Additionally, the Council’s FY2013 budget proposal offers a compromise on the proposed extended bar and alcohol sales hours included in the Mayor’s budget proposal, as well as the proposed excise. The compromise extends alcohol sales hours at bars and restaurants for only a handful of weekends and holidays throughout the year. This plan is a balanced approach which provides the necessary revenues while respecting the serious policy concerns that were raised.

Again, thank you for your work on the Fiscal Year 2013 Budget and Financial Plan. I believe that we have crafted a plan that truly funds the priorities of our residents.

Sincerely,

Kwame R. Brown
Chairman

Emergency management twitter chat May 15

Emergencies and disasters matter to children and youth.   Youth and the old are the most vulerable.   That's why you should participate in the May 15, Noon - 1:00 pm DC Homeland Security & Emergency Management Agency Twitter chat.   HSEMA wants to know what hazards and vulnerabilities concern you have; share them during the chat using the hashtag #DCHVA.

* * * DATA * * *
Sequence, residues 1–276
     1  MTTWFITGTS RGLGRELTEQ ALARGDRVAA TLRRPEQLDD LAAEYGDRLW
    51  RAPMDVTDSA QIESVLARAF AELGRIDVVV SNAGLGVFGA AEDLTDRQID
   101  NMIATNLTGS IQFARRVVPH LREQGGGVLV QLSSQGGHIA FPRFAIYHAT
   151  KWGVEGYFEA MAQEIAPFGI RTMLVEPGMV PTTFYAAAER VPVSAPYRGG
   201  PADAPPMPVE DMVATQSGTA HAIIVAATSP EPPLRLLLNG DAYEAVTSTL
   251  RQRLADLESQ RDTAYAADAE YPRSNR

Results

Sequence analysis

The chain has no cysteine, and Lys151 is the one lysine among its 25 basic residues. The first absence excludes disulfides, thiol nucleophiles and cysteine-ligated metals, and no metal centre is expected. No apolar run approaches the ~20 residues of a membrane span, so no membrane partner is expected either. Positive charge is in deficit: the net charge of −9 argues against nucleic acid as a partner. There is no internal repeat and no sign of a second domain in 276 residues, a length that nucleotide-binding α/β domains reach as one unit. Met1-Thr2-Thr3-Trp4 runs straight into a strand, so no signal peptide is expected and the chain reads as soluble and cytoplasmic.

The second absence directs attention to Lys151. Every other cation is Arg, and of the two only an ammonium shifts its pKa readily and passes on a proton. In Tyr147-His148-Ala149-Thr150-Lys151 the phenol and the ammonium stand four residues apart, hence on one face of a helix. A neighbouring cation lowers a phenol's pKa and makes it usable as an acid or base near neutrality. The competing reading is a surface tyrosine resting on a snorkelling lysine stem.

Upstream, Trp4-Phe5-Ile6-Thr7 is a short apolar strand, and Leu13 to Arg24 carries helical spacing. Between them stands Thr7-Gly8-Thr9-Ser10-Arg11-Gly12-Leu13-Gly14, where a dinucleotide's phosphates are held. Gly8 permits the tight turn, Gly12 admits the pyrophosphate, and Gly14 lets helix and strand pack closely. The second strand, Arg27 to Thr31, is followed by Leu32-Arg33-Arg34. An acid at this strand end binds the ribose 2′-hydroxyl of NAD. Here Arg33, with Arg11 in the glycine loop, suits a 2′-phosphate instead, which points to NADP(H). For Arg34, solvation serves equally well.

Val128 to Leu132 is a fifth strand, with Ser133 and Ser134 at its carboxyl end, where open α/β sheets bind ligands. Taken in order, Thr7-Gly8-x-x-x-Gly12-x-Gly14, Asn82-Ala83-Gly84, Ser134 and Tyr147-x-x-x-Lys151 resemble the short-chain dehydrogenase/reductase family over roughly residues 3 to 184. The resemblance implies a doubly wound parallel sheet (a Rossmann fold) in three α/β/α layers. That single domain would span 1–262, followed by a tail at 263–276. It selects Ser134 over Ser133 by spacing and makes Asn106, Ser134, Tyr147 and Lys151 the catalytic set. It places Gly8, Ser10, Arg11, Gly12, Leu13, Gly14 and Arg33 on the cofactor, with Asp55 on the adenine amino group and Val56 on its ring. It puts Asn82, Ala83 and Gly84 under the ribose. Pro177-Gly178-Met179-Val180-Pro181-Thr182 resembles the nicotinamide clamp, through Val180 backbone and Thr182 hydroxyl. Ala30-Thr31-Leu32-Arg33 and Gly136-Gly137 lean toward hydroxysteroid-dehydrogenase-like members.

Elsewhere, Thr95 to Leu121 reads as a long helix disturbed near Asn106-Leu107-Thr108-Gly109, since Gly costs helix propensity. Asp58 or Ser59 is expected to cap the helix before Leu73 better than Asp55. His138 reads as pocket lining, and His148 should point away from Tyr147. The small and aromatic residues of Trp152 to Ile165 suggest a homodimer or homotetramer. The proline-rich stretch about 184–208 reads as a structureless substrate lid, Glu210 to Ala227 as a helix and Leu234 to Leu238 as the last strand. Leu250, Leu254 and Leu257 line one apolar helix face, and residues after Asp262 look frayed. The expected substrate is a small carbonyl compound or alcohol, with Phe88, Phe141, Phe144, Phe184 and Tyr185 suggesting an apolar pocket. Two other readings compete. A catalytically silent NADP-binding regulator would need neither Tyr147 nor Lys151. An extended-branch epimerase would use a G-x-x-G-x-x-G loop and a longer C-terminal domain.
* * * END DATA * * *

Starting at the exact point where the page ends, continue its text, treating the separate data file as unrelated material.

You may remember the blog post "How safe will the District's children be when disaster strikes?"   This post highlighted the finding of the Save the Children's A National Report Card on Protecting Children During Disasters (PDF) that the District of Columbia was one of 12 states of 51 counted (the 50 states plus DC) achieving three of the four criteria for disaster preparedness for children.   The four criteria were:

  • having a plan for evacuating children in early learning (child development, child care)
  • reunifying families after a disaster
  • having a plan for evacuating children with special needs from early learning settings
  • having an evacuation plan for schools.

The 2010 blog post raised numerous concerns deserving attention.   I would suggest that the follow questions be asked during the chat and in the future:

  • What is the quality of the emergency preparedness plans of early learning facilities and out-of-school time programs?